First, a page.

Being a pioneer in the space, it was difficult to secure the first round of institutional funding. So we decided to create a cryptocurrency, called PTOY, through our Foundation. More than 1,000 people all over the world purchased the cryptocurrency, which secured over $7 million in funding for Patientory. It also provided grants to support early stage companies building blockchain healthcare solutions, which later translated into interest and continued support for Patientory’s initial capital raise. 

What advice do you have for other women interested in starting their own technology companies? 

Connect with an ecosystem, whether it’s an accelerator or incubator, and never stop talking to customers! I recently wrote a book about women entering the modern entrepreneurial world, and I talk about the 10 important mindsets you should have when you’re starting a business—for example, persistence and coachabilty. 

11 startups addressing global problems—here’s how we’re helping


When we announced our Google for Startups Accelerator on the Sustainable Development Goals (SDGs) in November, we did not foresee how dramatically day-to-day life would soon change. The COVID-19 pandemic and its widespread health, social and economic consequences have made the goal of the program—to help founders build technology to  solve serious issues facing our world—even more pressing.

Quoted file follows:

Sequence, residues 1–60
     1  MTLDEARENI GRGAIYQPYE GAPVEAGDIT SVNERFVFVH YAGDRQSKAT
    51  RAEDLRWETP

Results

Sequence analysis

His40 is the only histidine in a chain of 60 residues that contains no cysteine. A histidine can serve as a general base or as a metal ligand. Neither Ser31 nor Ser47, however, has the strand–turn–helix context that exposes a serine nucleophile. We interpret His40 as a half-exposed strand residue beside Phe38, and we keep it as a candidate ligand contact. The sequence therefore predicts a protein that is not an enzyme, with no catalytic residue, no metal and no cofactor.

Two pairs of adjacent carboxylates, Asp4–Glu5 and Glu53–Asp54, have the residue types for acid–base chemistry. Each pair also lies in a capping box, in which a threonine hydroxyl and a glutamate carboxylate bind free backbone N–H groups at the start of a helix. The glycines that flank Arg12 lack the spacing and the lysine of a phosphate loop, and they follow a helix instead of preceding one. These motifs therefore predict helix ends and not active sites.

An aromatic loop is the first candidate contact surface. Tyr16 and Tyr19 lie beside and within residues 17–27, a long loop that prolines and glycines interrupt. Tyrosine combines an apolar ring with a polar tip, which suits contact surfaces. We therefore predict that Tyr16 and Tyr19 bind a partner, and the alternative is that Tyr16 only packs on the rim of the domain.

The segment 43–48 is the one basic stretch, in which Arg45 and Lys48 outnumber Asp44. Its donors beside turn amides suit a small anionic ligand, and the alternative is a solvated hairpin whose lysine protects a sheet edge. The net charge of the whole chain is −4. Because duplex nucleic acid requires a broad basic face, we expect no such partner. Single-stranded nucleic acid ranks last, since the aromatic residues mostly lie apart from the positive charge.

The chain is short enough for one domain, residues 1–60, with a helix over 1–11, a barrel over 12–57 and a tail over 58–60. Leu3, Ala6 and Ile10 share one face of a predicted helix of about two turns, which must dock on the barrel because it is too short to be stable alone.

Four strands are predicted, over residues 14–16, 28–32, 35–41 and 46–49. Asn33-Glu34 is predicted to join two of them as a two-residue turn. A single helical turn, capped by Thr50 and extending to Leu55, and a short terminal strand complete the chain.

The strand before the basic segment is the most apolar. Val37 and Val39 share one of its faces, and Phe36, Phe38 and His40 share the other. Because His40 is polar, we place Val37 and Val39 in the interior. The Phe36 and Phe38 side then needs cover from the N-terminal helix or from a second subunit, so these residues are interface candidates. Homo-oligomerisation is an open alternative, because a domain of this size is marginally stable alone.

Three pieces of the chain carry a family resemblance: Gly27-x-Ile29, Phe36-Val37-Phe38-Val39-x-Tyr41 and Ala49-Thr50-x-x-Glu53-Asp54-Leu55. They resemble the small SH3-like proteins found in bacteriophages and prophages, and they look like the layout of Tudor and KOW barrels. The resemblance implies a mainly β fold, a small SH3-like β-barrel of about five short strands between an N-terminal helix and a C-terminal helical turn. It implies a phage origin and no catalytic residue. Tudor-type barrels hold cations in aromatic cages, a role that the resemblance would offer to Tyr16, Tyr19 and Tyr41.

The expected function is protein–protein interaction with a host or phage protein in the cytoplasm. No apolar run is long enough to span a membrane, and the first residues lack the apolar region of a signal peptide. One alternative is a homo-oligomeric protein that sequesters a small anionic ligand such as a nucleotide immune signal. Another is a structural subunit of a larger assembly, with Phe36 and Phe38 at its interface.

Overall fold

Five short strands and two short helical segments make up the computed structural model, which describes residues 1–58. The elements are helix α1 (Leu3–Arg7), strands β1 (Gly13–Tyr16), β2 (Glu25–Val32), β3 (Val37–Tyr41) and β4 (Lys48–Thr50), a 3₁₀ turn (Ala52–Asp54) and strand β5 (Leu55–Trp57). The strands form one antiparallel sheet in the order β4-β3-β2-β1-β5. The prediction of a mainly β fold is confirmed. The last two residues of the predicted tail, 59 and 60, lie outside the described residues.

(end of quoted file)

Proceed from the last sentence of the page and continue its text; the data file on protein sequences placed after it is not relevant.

We received almost 1,200 applications from across Europe, the Middle East and Africa and—together with an external jury—we carefully evaluated each of these ideas. Today, we’re announcing the 11 startups selected to participate in our inaugural Google for Startups Accelerator on the SDGs. These startups address a wide range of social and environmental challenges, and are working toward at least one of the 17 Sustainable Development Goals outlined by the U.N. 

Apic.ai (Germany) uses honeybees as biosensors in the fight to protect biodiversity. 

Cervest.earth (UK) provides personalized insights on the impact of climatic and extreme events, predicting the risks and effects of climate volatility in real-time, for any location on the planet. 

Ellipsis.earth (UK) uses drone imagery and machine learning to identify and track plastic pollution, aiming to provide a global database of the types of plastic waste found in our oceans, beaches and rivers.

Everimpact (France) combines satellite imagery and ground sensing to monitor air quality and carbon emissions in cities.  

Flare (Kenya) offers software infrastructure and operational support for medical emergency response services in Sub-Saharan Africa.

mDoc (Nigeria) uses a digital platform and in-person hubs to support people living with chronic diseases. 

OKO (Israel) is crop insurance designed for emerging markets, using new technologies in satellite imagery and weather forecasting to simplify and automate claim management. 

Ororatech (Germany) is the first commercial supplier of infrared satellite data for early detection and real-time monitoring of wildfires across the globe. 

Skilllab (Netherlands) uses AI to empower job seekers, such as refugees, to integrate their skill sets into local labor markets.

Solar Freeze (Kenya) is pioneering mobile cold storage units powered by renewable energy for smallholder farmers, to help them reduce post-harvest loss in the developing world.